There are two kinds of injustice — the one, on the part of those who inflict wrong, the other on the part of those who, when they can, do not shield from wrong those upon whom it is being inflicted. For he who, under the influence of anger or some other passion, wrongfully assaults another seems, as it were, to be laying violent hands upon a comrade; but he who does not prevent or oppose wrong, if he can, is just as guilty of wrong as if he deserted his parents or his friends or his country.

[Sed iniustitiae genera duo sunt, unum eorum, qui inferunt, alterum eorum, qui ab iis, quibus infertur, si possunt, non propulsant iniuriam. Nam qui iniuste impetum in quempiam facit aut ira aut aliqua perturbatione incitatus, is quasi manus afferre videtur socio; qui autem non defendit nec obsistit, si potest, iniuriae, tam est in vitio, quam si parentes aut amicos aut patriam deserat.]

Marcus Tullius Cicero (106-43 BC) Roman orator, statesman, philosopher
De Officiis [On Duties; On Moral Duty; The Offices], Book 1, ch. 7 (1.7) / sec. 23 (44 BC) [tr. Miller (1913)]

Original Latin. Alternate translations:

The vice that is opposite to justice is injustice, of which there are two sorts: the first consists in the actual doing an injury to another; the second, in tamely looking on while he is injured, and not helping and defending him though we are able: for he that injuriously falls on another, whether prompted by rage or other violent passion, does as it were leap at the throat of his companion; and he that refuses to help him when injured, and to ward off the wrong if it lies in his power, is as plainly guilty of baseness and and injustice as though he had deserted his father, his friends, or his native country.
[tr. Cockman (1699)]

There are two kinds of injustice: Of the one, they are guilty who do an injury; of the other, they who, if they are able, do not defend those from injury to whom it is offered. For he who urged on by anger, or some violent passion, attempts to injure any man, lifts his hand against his brother' and he who interferes not to resist or repel the attempt, is as guilty as if he had deserted his parents, his friends, or his country.
[tr. McCartney (1798)]

But there are two kinds of injustice; the first of those who offer an injury, the second of those who have in their power to avert an injury from those to whom it is offered, and yet do it not. For if a man, prompted either by anger or any sudden perturbation, unjustly assaults another man, such a one seems as it were to lay violent hands on one's ally; and the man who does not repel or withstand the injury, if he can, is as much to blame as if he deserted the cause of his parents, his friends, or his country.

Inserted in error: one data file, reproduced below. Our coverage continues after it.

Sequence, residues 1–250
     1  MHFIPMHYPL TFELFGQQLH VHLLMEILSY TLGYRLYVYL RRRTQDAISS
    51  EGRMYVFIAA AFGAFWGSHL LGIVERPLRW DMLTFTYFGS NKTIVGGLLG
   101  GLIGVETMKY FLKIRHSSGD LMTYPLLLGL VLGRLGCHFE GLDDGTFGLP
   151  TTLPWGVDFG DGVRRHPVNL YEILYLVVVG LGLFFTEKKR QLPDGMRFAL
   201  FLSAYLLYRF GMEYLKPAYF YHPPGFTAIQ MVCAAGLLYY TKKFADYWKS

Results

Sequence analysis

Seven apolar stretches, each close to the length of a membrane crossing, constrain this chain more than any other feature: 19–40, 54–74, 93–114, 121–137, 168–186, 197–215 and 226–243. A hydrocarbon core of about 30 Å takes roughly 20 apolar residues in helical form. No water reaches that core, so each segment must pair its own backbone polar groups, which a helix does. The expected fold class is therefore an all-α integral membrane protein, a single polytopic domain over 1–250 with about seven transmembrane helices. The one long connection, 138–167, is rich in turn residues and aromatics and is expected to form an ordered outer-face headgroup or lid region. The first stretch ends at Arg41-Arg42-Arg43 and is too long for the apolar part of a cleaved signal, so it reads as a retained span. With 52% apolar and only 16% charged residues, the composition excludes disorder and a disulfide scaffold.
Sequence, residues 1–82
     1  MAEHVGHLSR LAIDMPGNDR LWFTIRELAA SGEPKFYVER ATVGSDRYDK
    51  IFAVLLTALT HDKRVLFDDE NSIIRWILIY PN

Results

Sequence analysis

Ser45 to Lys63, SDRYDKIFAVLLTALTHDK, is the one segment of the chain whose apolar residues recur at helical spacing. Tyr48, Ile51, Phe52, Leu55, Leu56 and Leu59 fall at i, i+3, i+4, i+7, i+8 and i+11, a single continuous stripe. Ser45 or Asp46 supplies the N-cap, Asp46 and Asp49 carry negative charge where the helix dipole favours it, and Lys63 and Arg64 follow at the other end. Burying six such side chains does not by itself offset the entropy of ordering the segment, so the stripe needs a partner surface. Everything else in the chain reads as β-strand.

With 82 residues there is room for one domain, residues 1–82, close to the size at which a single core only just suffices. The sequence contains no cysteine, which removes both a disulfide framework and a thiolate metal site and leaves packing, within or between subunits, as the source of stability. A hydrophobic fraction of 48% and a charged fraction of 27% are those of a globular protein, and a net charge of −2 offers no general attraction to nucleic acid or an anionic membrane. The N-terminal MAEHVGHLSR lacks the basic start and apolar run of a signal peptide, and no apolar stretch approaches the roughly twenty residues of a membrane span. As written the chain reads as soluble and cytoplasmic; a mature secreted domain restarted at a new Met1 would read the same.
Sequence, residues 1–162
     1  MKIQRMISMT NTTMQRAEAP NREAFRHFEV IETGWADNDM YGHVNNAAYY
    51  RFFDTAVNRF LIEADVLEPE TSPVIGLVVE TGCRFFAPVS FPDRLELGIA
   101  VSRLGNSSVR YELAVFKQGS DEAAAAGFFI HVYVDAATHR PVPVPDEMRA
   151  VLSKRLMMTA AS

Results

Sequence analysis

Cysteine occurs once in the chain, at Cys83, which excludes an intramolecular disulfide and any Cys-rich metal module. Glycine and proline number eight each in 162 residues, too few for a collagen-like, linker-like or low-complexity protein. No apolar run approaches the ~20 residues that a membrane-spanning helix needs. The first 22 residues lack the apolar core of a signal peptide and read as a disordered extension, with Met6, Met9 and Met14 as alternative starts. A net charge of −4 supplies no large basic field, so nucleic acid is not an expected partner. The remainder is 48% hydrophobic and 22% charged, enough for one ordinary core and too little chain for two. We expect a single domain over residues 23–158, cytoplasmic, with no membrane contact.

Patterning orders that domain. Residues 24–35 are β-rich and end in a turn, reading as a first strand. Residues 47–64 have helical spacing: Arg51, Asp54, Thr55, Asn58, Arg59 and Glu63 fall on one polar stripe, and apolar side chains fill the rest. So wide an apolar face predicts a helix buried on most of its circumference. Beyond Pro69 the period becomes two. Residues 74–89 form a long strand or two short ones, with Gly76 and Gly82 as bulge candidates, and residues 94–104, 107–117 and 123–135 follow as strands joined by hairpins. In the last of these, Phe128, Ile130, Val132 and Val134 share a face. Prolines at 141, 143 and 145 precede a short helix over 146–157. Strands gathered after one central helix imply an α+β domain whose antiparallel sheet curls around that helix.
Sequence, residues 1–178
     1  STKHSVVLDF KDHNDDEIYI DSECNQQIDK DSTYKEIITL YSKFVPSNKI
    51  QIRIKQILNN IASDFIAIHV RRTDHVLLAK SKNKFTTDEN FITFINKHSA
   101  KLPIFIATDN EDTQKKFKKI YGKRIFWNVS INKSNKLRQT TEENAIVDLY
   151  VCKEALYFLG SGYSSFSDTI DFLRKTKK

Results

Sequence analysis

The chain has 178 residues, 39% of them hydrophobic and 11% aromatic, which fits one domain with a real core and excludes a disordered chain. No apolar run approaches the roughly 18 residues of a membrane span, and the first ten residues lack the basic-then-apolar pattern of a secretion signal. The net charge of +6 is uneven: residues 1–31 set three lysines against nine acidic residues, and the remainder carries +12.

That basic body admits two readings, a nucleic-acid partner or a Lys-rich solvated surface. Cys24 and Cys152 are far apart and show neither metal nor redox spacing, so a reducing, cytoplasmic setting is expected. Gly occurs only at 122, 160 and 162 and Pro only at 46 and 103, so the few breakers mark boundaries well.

[tr. Edmonds (1865)]

Of injustice there are two kinds, -- one, that of those who inflict injury; the other, that of those who do not, if they can, repel injury from those on whom it is inflicted. Moreover, he who, moved by anger or by some disturbance of mind, makes an unjust assault on any person, is as one who lays violent hands on a casual companion; while he who does not, if he can, ward off or resist the injury offered to another, is as much in fault as if he were to desert his parents, or his friends, or his country.
[tr. Peabody (1883)]

There are two kinds of injustice: the positive injustice of the aggressor, and the negative injustice of neglecting to defend those who are wronged. To attack a man unjustly under the influence of anger or some other passion is to lay hands upon a comrade; not to defend the oppressed and shield them from injustice, is as great a crime as to desert our parents, friends, or country.
[tr. Gardiner (1899)]

There are two classifications of injustice. One part includes those who act unjustly. The other part includes men who, even if they have the power to do so, fail to protect from abuse those people against whom other men commit violence. The man who unjustly does harm to someone else, either in anger or because some other passion arounds him, acts as if he were striking a companion. But the man who does not avert an act of violence, or offer resistance if he has the power, is just as much at fault as if he betrayed his parents, or friends, or his fatherland.
[tr. Edinger (1974)]

Added on 22-Mar-21 | Last updated 8-Sep-22
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